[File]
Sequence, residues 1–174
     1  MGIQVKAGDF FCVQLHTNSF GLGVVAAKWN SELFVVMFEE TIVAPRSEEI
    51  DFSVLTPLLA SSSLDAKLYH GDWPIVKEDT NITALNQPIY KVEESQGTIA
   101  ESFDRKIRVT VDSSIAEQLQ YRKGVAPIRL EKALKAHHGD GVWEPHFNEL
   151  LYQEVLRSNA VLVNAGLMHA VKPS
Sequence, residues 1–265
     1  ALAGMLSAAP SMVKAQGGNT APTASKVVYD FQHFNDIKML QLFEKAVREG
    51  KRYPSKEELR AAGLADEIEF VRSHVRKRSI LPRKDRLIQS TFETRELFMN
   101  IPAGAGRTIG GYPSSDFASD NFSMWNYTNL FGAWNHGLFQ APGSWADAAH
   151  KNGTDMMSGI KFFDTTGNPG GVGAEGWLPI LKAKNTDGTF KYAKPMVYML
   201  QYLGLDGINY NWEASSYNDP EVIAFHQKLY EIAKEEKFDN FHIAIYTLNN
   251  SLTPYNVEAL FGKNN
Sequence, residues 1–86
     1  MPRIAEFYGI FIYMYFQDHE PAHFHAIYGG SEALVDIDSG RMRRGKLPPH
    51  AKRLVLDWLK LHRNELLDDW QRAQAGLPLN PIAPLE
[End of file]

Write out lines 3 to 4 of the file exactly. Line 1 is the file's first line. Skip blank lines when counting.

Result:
    51  DFSVLTPLLA SSSLDAKLYH GDWPIVKEDT NITALNQPIY KVEESQGTIA
   101  ESFDRKIRVT VDSSIAEQLQ YRKGVAPIRL EKALKAHHGD GVWEPHFNEL